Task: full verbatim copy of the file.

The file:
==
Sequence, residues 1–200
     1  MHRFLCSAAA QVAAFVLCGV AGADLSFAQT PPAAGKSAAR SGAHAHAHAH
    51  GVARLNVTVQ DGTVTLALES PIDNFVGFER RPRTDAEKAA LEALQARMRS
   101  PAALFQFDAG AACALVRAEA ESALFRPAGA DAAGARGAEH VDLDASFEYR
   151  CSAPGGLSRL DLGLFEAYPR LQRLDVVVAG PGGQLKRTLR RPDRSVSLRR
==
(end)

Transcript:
Sequence, residues 1–200
     1  MHRFLCSAAA QVAAFVLCGV AGADLSFAQT PPAAGKSAAR SGAHAHAHAH
    51  GVARLNVTVQ DGTVTLALES PIDNFVGFER RPRTDAEKAA LEALQARMRS
   101  PAALFQFDAG AACALVRAEA ESALFRPAGA DAAGARGAEH VDLDASFEYR
   151  CSAPGGLSRL DLGLFEAYPR LQRLDVVVAG PGGQLKRTLR RPDRSVSLRR